Alien worlds orbiting dead stars may be leaving 'electric trails' in space - and astronomers think they know how to find them.
The strange planets are located around pulsars - long-dead stars which form in the aftermath of a supernova.
When a giant star explodes - if it is big enough - it collapses in on itself and forms a neutron star, made of super-dense material. Such a star can be the size of a small city but its mass will still exceed that of our sun.
These stars emit beams of electromagnetic radiation, which can only be seen when it points towards the Earth - meaning it appears to 'pulse' in the sky as it rotates.
But despite the extraordinary density of the star, and the size of explosion which created it, some pulsars have been found with orbiting planets.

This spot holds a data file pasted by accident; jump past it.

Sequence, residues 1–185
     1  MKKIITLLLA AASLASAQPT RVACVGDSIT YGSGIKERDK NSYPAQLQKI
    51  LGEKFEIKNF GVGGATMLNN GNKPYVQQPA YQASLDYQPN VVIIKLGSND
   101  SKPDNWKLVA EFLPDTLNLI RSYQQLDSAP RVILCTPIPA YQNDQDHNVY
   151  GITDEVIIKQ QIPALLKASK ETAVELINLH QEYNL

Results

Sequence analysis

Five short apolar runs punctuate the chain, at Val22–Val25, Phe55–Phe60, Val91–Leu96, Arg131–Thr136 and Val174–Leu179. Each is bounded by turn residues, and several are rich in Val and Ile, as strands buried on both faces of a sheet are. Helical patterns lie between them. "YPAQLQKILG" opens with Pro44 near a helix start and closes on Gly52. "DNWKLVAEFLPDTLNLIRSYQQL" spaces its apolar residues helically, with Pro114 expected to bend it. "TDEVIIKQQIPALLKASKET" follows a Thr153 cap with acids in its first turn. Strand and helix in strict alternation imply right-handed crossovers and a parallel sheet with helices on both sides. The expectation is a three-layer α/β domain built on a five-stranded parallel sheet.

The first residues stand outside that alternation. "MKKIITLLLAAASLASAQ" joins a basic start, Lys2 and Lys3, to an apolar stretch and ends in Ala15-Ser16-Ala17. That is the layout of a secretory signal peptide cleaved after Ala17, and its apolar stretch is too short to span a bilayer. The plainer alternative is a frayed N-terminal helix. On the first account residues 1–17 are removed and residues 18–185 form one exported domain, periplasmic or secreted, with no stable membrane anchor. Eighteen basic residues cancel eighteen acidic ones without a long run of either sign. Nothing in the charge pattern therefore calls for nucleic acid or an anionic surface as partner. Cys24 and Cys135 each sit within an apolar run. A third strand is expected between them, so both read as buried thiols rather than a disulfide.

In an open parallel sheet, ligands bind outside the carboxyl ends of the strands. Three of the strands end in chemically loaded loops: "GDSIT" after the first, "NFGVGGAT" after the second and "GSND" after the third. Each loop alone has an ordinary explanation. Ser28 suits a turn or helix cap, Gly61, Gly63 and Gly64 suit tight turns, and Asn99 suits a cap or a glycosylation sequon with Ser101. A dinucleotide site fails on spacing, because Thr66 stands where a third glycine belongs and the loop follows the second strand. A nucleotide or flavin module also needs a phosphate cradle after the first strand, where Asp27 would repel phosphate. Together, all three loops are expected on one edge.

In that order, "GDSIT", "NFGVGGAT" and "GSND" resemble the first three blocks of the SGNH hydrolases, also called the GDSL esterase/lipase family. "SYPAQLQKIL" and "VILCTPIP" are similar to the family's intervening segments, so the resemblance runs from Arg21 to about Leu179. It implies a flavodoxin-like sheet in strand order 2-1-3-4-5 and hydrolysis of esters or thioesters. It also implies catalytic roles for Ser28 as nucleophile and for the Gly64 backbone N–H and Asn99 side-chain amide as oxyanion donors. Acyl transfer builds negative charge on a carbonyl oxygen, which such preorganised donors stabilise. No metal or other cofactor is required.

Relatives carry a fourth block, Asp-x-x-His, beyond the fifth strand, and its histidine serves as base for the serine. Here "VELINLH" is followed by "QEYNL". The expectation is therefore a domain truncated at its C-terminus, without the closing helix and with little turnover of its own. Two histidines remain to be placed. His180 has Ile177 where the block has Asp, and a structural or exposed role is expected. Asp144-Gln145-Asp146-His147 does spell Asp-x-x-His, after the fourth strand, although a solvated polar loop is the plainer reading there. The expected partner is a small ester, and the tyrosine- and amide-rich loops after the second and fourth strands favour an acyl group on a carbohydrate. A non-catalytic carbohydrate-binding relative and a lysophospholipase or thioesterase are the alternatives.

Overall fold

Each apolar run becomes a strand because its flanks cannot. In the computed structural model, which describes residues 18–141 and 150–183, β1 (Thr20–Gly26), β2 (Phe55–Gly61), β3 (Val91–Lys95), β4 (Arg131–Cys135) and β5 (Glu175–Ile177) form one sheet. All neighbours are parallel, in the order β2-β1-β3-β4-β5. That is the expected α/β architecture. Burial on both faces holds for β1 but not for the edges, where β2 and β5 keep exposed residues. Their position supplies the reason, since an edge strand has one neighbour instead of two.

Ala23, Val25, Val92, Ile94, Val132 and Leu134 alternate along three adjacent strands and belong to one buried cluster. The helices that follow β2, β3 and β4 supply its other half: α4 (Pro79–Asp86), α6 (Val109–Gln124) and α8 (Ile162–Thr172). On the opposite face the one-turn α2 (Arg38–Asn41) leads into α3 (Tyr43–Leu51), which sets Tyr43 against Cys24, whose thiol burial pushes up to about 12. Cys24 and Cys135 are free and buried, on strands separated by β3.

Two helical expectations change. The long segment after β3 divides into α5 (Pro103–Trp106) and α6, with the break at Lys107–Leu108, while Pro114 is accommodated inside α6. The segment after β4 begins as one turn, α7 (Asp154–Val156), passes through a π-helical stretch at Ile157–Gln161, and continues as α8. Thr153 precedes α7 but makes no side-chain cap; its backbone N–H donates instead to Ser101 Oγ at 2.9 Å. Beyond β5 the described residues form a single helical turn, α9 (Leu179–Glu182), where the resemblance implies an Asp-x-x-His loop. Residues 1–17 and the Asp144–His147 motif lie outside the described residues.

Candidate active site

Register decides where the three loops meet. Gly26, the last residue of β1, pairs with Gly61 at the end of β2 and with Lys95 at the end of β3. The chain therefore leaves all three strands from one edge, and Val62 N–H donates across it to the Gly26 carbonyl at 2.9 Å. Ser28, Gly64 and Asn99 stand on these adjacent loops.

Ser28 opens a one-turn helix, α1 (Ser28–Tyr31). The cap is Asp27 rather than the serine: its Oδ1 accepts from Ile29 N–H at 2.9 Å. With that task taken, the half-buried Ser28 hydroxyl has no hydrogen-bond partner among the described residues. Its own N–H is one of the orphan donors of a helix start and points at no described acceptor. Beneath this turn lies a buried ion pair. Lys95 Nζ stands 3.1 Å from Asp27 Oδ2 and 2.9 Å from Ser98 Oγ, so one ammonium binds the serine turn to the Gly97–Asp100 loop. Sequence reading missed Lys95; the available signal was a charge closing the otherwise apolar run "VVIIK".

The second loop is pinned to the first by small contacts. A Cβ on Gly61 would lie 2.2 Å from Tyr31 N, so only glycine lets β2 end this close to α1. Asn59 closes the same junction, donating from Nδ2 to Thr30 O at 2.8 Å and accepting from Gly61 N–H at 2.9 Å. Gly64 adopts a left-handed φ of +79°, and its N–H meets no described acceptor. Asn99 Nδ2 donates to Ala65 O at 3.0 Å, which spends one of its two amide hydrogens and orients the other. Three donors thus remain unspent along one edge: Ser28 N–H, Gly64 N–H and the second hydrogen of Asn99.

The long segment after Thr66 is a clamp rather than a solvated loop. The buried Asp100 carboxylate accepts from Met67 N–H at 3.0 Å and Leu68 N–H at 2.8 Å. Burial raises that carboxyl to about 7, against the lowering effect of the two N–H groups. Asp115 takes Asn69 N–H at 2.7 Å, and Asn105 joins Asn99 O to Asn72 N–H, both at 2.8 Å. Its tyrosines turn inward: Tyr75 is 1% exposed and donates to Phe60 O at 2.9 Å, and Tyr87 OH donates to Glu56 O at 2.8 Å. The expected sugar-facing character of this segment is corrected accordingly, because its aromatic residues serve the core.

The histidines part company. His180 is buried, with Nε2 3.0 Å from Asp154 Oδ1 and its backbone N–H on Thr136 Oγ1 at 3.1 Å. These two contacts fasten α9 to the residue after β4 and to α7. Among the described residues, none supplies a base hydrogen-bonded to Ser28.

Now scientists think they may know how to find more of them.
Fabrice Mottez, an astronomer at the Paris Observatory, thinks they they may interact with the 'winds' of charged particles around a pulsar, and may leave trails of electric current as they move in orbit.
In a new paper, reported by Space.com and others, he suggests that radio telescopes be tuned to look for the patter of electric currents around pulsars.
"The detectability of these planets with radio telescopes is currently under study," Mottez told Space.com.
The four planets found around pulsars so far have relatively similar orbits to Earth, suggesting they were formed after the supernova which exploded the star.
But it is thought that many more planets - probably with elongated, oval orbits - could be found in orbit around pulsars, at much greater distances from the star.
Studies are now commencing on how to look for the trails of electricity, and what they may tell us about the life and death cycles of giant stars in deep space.
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